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‘We Probably Called Over 50 Places’: A COVID Patient's Dire Search For One ECMO Machine

 Doctors wanted to put 32-year-old Glenn Gotay ECMO, extracorporeal membrane oxygenation. But no places would take him.
Doctors wanted to put 32-year-old Glenn Gotay ECMO, extracorporeal membrane oxygenation. But no places would take him.

The text message Shanel Garrell got from Glenn Gotay was hard to make out, almost like a child had written it. Like many parents, the 32-year-old Gotay was worried about his 7-year-old daughter Natalie starting school.

“It says, ‘Can you please make sure that Natalie teacher likes her,’” said Garrell. who co-parents Natalie with Gotay. “So, yeah, even on about to get intubated, he was caring about her.”

Gotay, a father of three, is in the intensive care unit at Osceola Regional Medical Center, where a machine has been breathing for him since July 31.

When things got really bad for Gotay, doctors talked about putting him on ECMO, or extracorporeal membrane oxygenation. It’s a machine that pumps blood out of your body, oxygenates it and pumps it back in. It acts as an artificial heart and lungs to buy patients more time to beat the virus.

But Garrell and her stepmother, Tina Kuga Garrell, say they couldn’t find a center that would take Gotay.

“So, we were calling all over at different hospitals: Pensacola, Gainesville, Mayo, all of them,” Kuga Garrell said.

“So, we probably called over 50 places,” Garrell added.

COVID-19, and especially the highly contagious delta variant, are making younger patients like Gotay sicker. More of these patients are candidates for ECMO because they are young, but there aren’t enough adult ECMO beds in Florida to meet the demand.

Dr. Ulyee Choe, director of the Florida Department of Health in Pinellas County, recently spoke to Pinellas County commissioners about the shortage.

“What I also heard ... is that we are now out of adult ECMO capacity in the Tampa Bay region,” Choe said. “And what ECMO is is it’s a cardiopulmonary bypass for severely damaged lungs. And there is no capacity for this at this time.”

ECMO is an extremely specialized treatment that is not done at every hospital. Data from the Extracorporeal Life Support Organization, a nonprofit organization that tracks data on ECMO centers worldwide, shows there are 379 patients on ECMO in the country.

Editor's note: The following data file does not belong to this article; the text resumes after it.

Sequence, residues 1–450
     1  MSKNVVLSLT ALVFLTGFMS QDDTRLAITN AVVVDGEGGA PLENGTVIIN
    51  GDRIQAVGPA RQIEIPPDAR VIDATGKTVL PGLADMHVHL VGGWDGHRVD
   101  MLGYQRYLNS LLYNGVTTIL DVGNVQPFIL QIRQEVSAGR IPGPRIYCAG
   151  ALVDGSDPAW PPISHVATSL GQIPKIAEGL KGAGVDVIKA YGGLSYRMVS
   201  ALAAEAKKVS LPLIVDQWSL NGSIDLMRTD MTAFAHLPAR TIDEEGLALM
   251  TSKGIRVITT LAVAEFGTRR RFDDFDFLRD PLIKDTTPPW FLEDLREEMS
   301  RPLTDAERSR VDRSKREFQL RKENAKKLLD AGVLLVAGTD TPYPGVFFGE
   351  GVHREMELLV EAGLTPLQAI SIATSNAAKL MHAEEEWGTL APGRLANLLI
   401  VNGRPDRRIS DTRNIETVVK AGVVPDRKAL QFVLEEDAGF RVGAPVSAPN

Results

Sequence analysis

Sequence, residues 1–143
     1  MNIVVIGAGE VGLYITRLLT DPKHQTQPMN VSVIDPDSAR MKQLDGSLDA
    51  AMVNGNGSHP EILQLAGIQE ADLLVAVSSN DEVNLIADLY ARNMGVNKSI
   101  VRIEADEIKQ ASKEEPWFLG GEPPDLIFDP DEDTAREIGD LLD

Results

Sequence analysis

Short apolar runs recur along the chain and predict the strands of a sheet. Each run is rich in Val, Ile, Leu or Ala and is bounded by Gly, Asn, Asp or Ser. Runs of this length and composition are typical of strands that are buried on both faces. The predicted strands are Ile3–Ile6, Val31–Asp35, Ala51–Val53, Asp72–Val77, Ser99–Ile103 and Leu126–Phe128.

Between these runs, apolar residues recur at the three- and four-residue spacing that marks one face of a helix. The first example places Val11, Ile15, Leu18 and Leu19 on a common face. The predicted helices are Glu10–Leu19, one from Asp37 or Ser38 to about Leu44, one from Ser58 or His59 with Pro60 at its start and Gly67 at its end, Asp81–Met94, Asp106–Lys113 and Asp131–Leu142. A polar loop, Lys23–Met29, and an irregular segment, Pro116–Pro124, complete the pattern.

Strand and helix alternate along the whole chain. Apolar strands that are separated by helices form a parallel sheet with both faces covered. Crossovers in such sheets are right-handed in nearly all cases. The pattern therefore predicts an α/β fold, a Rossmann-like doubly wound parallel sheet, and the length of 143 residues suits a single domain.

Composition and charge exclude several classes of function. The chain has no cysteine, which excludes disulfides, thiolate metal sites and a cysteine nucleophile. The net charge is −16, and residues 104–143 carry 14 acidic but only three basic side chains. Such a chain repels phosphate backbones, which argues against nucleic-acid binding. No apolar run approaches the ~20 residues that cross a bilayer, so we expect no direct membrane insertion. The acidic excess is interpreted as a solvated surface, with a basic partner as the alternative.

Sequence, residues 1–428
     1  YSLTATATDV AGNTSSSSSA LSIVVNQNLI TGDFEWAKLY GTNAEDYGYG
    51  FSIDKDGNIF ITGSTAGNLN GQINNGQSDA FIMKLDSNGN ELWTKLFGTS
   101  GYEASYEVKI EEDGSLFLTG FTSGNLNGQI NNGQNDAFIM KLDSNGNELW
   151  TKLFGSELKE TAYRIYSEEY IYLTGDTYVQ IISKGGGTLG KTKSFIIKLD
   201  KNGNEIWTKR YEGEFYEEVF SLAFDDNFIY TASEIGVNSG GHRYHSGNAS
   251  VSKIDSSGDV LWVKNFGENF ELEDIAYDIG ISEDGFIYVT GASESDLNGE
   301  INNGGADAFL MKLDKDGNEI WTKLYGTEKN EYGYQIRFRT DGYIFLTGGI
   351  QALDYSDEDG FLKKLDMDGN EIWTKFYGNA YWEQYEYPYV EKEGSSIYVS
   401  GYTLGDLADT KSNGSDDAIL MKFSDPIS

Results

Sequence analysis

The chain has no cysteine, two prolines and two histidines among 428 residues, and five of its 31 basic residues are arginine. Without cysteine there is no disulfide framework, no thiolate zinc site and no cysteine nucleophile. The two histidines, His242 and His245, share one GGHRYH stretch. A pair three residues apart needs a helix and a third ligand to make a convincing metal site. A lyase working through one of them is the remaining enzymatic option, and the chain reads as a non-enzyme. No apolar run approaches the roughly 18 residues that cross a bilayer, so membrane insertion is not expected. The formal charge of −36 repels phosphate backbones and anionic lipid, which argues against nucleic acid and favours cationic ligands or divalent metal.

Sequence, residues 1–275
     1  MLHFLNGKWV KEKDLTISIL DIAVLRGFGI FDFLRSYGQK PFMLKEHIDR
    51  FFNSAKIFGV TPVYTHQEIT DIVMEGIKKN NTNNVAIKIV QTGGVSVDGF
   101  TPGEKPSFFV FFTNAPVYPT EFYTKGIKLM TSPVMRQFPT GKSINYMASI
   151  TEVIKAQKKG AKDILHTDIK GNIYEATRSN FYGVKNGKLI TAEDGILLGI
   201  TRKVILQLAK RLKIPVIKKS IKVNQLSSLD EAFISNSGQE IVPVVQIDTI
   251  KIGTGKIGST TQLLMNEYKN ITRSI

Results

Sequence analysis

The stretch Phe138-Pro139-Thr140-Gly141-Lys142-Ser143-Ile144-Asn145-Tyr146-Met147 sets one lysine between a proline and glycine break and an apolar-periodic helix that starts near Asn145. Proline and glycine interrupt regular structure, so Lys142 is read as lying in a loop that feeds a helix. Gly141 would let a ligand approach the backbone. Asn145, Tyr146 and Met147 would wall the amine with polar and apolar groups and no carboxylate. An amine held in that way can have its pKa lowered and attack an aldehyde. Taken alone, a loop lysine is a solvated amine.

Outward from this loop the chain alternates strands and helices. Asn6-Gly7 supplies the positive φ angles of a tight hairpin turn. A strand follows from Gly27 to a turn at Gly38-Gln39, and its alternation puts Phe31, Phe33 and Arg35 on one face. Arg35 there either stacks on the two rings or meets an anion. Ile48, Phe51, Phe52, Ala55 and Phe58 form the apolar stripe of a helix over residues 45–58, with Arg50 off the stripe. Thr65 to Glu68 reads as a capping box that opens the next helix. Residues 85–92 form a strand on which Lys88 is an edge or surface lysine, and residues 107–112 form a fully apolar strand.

“Patients have been transported a lot of miles to get access to ECMO care,” says Christine Stead, CEO of the organization. “I think there was one recently in Florida that went up to Connecticut for care where there’s capacity right now.”

Her organization sets up exchanges so ECMO centers can loan each other equipment. Stead says the nonprofit is also trying to figure out why the death rate of COVID-19 patients on ECMO has recently increased to about 48 percent.

“That can be a variety of things, including patient selection,” Stead said. “So, that varies, too, depending on where you are and what kind of resources you have. Some hospitals, once you get really busy, they have to make different kinds of decisions.”

As of Friday, Gotay is still in the ICU with a tracheostomy. A machine is still breathing for him, but now the breathing tube goes through a hole in his neck.

Gotay was not fully vaccinated against COVID-19. His family says he got the first dose about a week before he got sick.

Garrell says that on the day Gotay told her he tested positive for COVID-19, she went and got vaccinated herself.

“I mean, learning from all this – get vaccinated,” Garrell said. “Also, get your affairs in order because if you don’t have insurance, if you don’t have a health care proxy, you really have to get everything in order even if you are young. You don’t know what could happen to you tomorrow.”

Gotay does not have health insuranc, sso the family is trying to raise money for his care on GoFundMe.

WMFE is a partner with Health News Florida, a statewide collaborative reporting on health care.

Health reporting on WMFE is supported in part by AdventHealth.

Copyright 2021 WUSF Public Media - WUSF 89.7

Copyright 2021 WUSF Public Media - WUSF 89.7

Health News Florida reporter Abe Aboraya works for WMFE in Orlando. He started writing for newspapers in high school. After graduating from the University of Central Florida in 2007, he spent a year traveling and working as a freelance reporter for the Seattle Times and the Seattle Weekly, and working for local news websites in the San Francisco Bay area. Most recently Abe worked as a reporter for the Orlando Business Journal. He comes from a family of health care workers.